Lockdown Art, part 3 – by Sian Matthews

Following on from Charlotte and Corrina, and a couple of months into lockdown I’m here to share the artworks I see every day in my own home. Like many people right now I am missing visiting galleries and museums. As much as I am enjoying seeing everyone share their work via social media and think it is brilliant that galleries are making their collections available online (including our own online show!), there is nothing like experiencing great art in person (and lets not forget the social aspect of gallery visits!).

I am definitely very fortunate to own and be able to display art in my home and the extra time I have found myself with as of late has meant that I have been able to appreciate it more than I would have under “normal” circumstances. A large amount of the art I own also means something to me on a personal level, most of it created by friends or linked to past experiences and memories, it has helped me feel connected to the world beyond my own four walls in these trying times.

Main gallery wall.

First up are two of the four portraits created of myself at our second ‘Intersect portraiture project’ on IWD 2019. These were drawn as the practice round by our artists before guest sitters arrived, to get acquainted with the process and with each other. The other two drawings from this sitting are safely tucked away in storage, not just for space reasons but also because its probably a little narcissistic to have a whole wall full of images of myself above my bed, right?

Next up is a print by artist and illustrator Steven Rhodes which is actually a birthday card from a friend which I framed on account of it looking a little like me and my cat Phoebe.

Two of the artworks I own were made by friends while at University and were destined for the skip after being exhibited at Free Range in 2016 due to a lack of storage opportunities. Obviously I felt awful that my friends were having to bin the work they had poured all their efforts into the last few months and which had earned them their degrees so I saved what I could. This ended up being ‘Red painting on wood’ by Kinga Pilarska and 1 of the hundreds of random Gnome heads created by and scattered around by Robin Gosselin-Monasevic.

Another artwork hanging on my wall and created by a friend is this print by Jess Nash, who you can read more about in my previous blog “An Interview with Jess Nash

Anyone who knows me, knows that I have a ‘thing’ for print making, especially etchings, woodblocks, lino, and cyanotype. I always appreciate the processes of making the art work, sometimes more than the final outcome and the piece itself! which is why printing in all it’s forms, watching artists carve and mark blocks, as well as exploring these processes myself in my own work appeals to me. So, you could imagine my excitement when I discovered printmaker and tattoo artist Lacey Law on Instagram. Her work is often much more figurative than I would usually be drawn in by, most of her woodblock prints are tattoo flash in a different medium to the typical drawings on paper but I adore them.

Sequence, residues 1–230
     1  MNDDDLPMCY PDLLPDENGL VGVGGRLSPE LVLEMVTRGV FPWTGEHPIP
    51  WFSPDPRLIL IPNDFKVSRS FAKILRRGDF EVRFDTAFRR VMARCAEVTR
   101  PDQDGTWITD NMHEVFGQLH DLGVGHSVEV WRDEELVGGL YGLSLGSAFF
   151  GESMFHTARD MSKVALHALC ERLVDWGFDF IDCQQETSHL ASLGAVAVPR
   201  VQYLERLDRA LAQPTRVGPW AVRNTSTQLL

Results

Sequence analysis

Back in 2018 I was lucky enough to receive an edition print of ‘Comfort’ for my birthday from my partner and it has held pride of place on my wall ever since. I have been watching her carefully on Instagram throughout lockdown, (watching her carve blocks is oddly satisfying) and have been dying to get my hands on one of her smaller prints she has been making on paper scraps, but her work sells out in minuets and I have just not been quick enough…. Yet!

Do you know of the Stoned Fox meme? Chances are you have seen it somewhere even if you don’t know what it is first-hand, this taxidermy fox is a viral hit and has literally travelled the world. His creator Adele Morse is an artist working in London who specialises in sculpture and taxidermy. Since the original fox went viral Adele has made many more anthropomorphic critters including a raccoon, a hedgehog, some rats, many more foxes and a little goat named Billy, who also recently became a viral sensation in Morocco for being the spawn of Satan/witchcraft/a summoned demon of some sort (You couldn’t make it up!).

Last year Adele tried to get her original fox back from some people who had broken him and generally treated him quite badly, the catch was that to get her own artwork back she was going to have to buy him back. To raise the funds for this a friend of Adele’s set up a GoFundMe to bring the fox home! For a small donation you would be sent a print of the fox and the knowledge that you helped an artist regain some control of her own work.

At one of the 2018 TOAF fairs two illustration students turned their stall into a participatory project, inviting visitors to have their animal portrait drawn. I still have my cat portrait framed on the wall.

Because of recent development work in the town, last year a group of artists and designers in Harlow found themselves having to say goodbye to their studios at Gatehouse Arts. The decision was made by Abbie and Harry at SnootieStudios to put on one last goodbye show in their gallery in which they celebrated the work created in the studios as well as works by artists who have had a past connection to the studios and gallery or who just live and work in Harlow. Having grown up in the town and previously working on an exhibition in the gallery with a group of friends back in 2015 I was able to submit and exhibit my own etchings in the exhibition along side many others.

For the Private view Abbie and Harry made their own home brew beer in the bathrooms of the studios and bottled it in vintage (unused) medicine bottles and printed up their own labels, naming their creation ‘good booze’.

I’ve known Abbie and Harry for many years and this eccentric idea and design is so typically them, I had to keep a bottle! It now sits proudly in my kitchen with Audrey, my Venus fly trap… because why not?